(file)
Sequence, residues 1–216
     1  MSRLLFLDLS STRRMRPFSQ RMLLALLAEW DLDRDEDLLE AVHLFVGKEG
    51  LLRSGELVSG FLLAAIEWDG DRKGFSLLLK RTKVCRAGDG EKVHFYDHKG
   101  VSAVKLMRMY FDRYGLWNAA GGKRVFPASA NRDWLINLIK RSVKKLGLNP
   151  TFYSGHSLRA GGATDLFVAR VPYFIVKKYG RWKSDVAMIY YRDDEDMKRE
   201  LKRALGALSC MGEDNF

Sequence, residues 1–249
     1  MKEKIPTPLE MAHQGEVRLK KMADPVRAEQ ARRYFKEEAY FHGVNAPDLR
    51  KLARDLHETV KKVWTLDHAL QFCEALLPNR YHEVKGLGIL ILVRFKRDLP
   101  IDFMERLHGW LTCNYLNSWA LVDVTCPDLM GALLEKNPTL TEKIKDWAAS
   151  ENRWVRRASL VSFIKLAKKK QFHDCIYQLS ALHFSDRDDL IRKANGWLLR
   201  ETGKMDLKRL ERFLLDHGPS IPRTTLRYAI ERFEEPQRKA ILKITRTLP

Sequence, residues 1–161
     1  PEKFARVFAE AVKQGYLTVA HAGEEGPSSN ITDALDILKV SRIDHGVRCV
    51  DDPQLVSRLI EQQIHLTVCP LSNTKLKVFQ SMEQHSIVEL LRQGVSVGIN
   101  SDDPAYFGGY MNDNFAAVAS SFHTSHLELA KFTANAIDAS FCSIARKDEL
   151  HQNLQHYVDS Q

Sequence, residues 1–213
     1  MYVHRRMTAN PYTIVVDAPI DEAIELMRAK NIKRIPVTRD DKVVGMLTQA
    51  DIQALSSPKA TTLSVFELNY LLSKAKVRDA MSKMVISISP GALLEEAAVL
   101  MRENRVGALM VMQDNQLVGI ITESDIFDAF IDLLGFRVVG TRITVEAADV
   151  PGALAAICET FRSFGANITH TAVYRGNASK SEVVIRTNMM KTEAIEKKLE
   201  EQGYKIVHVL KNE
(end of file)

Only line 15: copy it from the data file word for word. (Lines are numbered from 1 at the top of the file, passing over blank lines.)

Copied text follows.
    51  DDPQLVSRLI EQQIHLTVCP LSNTKLKVFQ SMEQHSIVEL LRQGVSVGIN